Banda music is all about hard work; that work allows for banda’s fun, its depth, and its despair. Every banda song represents an enormous coordination of talent and effort, and this coordination is plain to anyone who listens. Aside from the lead vocal and an occasional horn solo or percussion fill, there is no pretense of spontaneity in banda music. The music we hear is the result of countless hours spent in preparation. Someone had to write charts for the horn players. To cleanly execute these charts’ complicated musical passages, the players had to devote time to rehearsal, both on their own and together. Popular musicians from metal to rap spend many hours practicing, of course, but the sheer size of a banda gives all this preparation, all this work, a quality of ornate formality. A banda song is like a room full of delicate antique furniture, where one misplaced elbow sends priceless valuables crashing to smithereens; or like an elaborate negotiation through a complex system of social etiquette, a labyrinth of rules that must be internalized if it is to be understood.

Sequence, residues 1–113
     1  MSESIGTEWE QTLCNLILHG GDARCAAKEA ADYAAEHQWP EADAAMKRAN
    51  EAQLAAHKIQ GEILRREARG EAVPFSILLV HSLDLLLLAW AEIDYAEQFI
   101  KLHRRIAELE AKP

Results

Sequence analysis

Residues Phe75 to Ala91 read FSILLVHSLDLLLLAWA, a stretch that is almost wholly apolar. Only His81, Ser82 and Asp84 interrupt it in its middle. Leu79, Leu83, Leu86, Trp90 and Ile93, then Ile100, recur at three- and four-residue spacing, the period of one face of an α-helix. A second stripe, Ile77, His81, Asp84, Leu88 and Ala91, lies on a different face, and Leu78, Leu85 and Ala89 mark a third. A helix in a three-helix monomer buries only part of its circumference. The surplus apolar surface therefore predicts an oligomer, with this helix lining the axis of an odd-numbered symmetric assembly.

The rituals we see in videos — the horn players performing cheesy coordinated dances, the heartbroken singer bringing the banda to serenade his girlfriend outside her window — underscore what a lot of work a banda demands. In the movie Say Anything, Lloyd Dobler famously played a boombox outside Diane Court’s window to woo her. It was a charming gesture, in keeping with his character, and the wooing worked: the serenader won over his audience of one, and in doing so he won over the audience for his film. The serenading banda works in the same way. Just as the mujer at the window is impressed with the effort of her hombre — for starters, how the hell did he get 16 brass players together on the spur of the moment? — so we at the computer screen are impressed with the care and concentration the ensemble squanders on their silly pop song. When the three well-rehearsed virtuosos in Rush play a side-long progressive rock suite, they’re devoted nerds pleasing themselves; they could just as easily be arguing politics or playing Dungeons and Dragons. When the 16 virtuosos in a banda lavish their skill on their singer’s romantic plea, their audience must understand their effort as a formalized gesture of romance, or else all that effort and per diem money is wasted.